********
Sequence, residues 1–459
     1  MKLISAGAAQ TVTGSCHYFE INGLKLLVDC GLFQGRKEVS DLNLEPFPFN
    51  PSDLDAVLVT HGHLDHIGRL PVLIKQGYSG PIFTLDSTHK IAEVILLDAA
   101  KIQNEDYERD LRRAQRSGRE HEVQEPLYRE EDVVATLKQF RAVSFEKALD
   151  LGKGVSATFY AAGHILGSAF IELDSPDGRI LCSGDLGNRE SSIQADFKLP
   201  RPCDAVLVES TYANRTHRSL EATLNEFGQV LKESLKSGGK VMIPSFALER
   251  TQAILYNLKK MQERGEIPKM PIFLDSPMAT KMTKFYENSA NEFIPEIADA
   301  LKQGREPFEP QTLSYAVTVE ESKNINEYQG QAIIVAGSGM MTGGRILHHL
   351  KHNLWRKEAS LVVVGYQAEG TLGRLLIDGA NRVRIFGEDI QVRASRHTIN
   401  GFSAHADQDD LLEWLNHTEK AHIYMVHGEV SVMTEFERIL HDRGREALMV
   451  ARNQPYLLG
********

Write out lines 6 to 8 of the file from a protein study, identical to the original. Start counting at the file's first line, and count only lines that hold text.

   201  RPCDAVLVES TYANRTHRSL EATLNEFGQV LKESLKSGGK VMIPSFALER
   251  TQAILYNLKK MQERGEIPKM PIFLDSPMAT KMTKFYENSA NEFIPEIADA
   301  LKQGREPFEP QTLSYAVTVE ESKNINEYQG QAIIVAGSGM MTGGRILHHL